• Late modern society is principally concerned with purchasing things, in ever greater abundance and variety, and so has to strive to fabricate an ever greater number of desires to gratify, and to abolish as many limits and prohibitions upon desire as it can. Such a society is already implicitly atheist and so must slowly but relentlessly apply itself to the dissolution of transcendent values. It cannot allow ultimate goods to distract us from proximate goods. Our sacred writ is advertising, our piety is shopping, our highest devotion is private choice. God and the soul too often hinder the purely acquisitive longings upon which the market depends, and confront us with values that stand in stark rivalry to the only truly substantial value at the center of the social universe: the price tag

    David Bentley Hart
  • Wisdom is the recovery of innocence at the far end of experience

    David Bentley Hart
  • God's pleasure--the beauty creation possesses in his regard--underlies the distinct being of creation, and so beauty is the first and truest word concerning all that appears within being; beauty is the showing of what is; God looked upon what he had wrought and saw that it was good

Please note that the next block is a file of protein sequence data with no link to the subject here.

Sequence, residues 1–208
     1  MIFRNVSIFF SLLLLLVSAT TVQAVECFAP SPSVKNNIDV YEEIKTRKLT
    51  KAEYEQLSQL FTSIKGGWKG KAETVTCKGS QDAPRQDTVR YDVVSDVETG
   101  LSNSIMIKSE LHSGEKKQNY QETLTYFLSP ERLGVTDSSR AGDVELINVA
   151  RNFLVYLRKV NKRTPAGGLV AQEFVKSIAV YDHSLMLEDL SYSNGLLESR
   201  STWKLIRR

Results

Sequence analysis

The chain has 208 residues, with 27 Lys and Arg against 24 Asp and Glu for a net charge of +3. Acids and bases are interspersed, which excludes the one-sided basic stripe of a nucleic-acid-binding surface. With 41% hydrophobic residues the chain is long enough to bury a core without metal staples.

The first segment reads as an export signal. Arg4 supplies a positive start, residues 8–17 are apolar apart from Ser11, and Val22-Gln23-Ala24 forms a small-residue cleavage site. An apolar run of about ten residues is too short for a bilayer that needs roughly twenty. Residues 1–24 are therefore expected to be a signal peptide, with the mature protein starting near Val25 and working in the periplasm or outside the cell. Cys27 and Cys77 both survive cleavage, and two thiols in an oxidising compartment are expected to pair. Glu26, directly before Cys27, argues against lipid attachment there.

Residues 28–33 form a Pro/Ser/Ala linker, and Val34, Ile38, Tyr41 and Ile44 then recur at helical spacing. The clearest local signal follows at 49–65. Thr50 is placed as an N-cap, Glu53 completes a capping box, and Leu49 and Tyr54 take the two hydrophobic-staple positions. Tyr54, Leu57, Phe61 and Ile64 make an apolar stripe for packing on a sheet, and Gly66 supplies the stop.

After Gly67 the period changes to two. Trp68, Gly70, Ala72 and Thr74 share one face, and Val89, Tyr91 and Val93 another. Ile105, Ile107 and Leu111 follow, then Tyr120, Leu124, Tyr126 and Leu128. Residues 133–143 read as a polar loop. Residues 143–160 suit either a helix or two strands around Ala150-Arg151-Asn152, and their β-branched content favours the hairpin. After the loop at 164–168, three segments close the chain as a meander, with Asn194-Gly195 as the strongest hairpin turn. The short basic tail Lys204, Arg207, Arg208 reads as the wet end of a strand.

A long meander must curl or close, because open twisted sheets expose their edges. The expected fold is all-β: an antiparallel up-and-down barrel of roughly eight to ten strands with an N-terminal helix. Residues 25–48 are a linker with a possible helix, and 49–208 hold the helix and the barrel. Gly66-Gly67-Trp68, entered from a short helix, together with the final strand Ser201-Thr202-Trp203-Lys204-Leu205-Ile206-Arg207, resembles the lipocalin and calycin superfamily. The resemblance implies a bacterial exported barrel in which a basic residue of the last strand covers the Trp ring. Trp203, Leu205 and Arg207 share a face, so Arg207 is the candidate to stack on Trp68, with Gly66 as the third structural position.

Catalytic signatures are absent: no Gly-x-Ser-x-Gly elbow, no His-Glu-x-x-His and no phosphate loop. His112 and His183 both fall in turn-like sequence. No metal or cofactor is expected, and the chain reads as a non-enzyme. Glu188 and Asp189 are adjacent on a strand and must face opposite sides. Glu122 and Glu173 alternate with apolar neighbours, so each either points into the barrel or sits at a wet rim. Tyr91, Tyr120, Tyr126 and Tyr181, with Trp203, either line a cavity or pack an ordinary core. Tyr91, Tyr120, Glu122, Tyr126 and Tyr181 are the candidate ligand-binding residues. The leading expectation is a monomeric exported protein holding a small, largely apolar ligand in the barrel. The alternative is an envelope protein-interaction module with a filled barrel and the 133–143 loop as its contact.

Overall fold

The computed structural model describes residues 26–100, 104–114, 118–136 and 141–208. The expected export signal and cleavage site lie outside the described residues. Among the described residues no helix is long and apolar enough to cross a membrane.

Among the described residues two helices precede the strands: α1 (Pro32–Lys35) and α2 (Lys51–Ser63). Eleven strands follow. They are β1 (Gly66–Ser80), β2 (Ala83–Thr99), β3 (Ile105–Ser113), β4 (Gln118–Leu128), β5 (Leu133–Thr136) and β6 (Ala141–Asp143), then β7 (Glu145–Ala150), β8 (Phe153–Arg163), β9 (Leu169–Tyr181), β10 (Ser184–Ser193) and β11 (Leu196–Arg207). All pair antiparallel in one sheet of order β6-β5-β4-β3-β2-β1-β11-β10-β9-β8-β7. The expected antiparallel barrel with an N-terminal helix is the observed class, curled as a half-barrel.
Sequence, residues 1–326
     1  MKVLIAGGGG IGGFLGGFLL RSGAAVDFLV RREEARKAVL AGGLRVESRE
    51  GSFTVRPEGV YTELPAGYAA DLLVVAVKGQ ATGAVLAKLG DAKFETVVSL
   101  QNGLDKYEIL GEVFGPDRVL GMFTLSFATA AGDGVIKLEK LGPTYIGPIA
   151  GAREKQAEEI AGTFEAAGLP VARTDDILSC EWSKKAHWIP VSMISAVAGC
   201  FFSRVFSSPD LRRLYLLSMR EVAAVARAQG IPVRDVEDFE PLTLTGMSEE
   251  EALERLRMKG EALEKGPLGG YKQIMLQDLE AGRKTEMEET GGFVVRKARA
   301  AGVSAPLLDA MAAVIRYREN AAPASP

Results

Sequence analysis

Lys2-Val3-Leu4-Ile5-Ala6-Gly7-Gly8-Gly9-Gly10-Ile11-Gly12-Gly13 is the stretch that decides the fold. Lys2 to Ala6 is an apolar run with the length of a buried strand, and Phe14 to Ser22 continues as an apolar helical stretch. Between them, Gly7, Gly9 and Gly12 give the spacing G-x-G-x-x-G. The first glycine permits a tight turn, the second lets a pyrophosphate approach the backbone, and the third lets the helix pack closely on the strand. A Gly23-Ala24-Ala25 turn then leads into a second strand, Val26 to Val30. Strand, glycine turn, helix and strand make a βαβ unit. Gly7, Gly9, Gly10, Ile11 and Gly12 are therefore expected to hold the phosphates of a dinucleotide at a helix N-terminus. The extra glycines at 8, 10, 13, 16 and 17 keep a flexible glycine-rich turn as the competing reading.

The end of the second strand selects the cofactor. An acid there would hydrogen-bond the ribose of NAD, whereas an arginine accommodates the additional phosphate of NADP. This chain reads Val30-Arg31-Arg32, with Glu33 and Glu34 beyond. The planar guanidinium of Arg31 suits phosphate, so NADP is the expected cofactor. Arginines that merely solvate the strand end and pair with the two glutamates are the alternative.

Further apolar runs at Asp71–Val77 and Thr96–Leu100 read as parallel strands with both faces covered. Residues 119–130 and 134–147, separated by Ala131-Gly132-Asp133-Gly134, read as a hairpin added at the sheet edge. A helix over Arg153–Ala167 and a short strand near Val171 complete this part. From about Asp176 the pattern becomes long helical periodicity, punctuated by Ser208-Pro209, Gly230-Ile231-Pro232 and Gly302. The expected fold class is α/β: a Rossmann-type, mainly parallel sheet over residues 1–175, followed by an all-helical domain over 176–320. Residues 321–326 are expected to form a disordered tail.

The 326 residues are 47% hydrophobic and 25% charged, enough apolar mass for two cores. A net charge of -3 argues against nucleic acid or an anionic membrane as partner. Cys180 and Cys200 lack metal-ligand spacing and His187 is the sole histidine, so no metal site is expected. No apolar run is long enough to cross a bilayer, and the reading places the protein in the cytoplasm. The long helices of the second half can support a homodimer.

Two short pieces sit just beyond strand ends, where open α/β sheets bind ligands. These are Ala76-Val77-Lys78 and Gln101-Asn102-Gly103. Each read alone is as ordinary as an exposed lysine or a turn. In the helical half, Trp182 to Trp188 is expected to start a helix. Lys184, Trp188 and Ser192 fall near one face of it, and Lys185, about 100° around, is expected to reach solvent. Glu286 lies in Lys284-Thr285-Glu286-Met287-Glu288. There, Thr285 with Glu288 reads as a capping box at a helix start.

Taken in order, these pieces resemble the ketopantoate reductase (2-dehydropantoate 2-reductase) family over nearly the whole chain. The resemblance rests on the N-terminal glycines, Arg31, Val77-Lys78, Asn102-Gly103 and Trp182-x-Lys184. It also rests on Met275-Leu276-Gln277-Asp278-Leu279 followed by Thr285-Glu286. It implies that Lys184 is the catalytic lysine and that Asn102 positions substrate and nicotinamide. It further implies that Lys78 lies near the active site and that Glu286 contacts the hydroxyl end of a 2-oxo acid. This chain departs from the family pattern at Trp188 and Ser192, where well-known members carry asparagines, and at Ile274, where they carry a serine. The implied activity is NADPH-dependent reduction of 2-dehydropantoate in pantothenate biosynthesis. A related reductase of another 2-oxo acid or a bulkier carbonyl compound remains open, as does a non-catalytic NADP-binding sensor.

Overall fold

David Bentley Hart
  • Christians, indeed, have a special obligation not to forget how great and how inextinguishable the human proclivity for violence is, or how many victims it has claimed, for they worship a God who does not merely take the part of those victims, but who was himself one of them, murdered by the combined authority and moral prudence of the political, religious, and legal powers of human society

    David Bentley Hart
  • At some level, it is even tempting to think that since strict materialism is among the most incoherent of superstitions - one that has never really asked the question of the being of things in any depth or with any persistence, or one that has at best attempted to conjure that question away as a fallacy of grammar - it is incapable of imagining any conception of God more sophisticated than its own. The materialist encounters an instance of unjust suffering and, by a sort of magical thinking, concludes from the absence of any immediately visible moral order that there must be nothing transcendent of material causality, in much the same way that certain of our more remote, primitive ancestors might have seen a flash of lightning in the sky and concluded that some god must have flung it from on high. In neither case does the conclusion follow from the evidence (though in the latter case the reasoning is somewhat more rigorous); and in neither case is the god at issue much more than an affective myth

    David Bentley Hart
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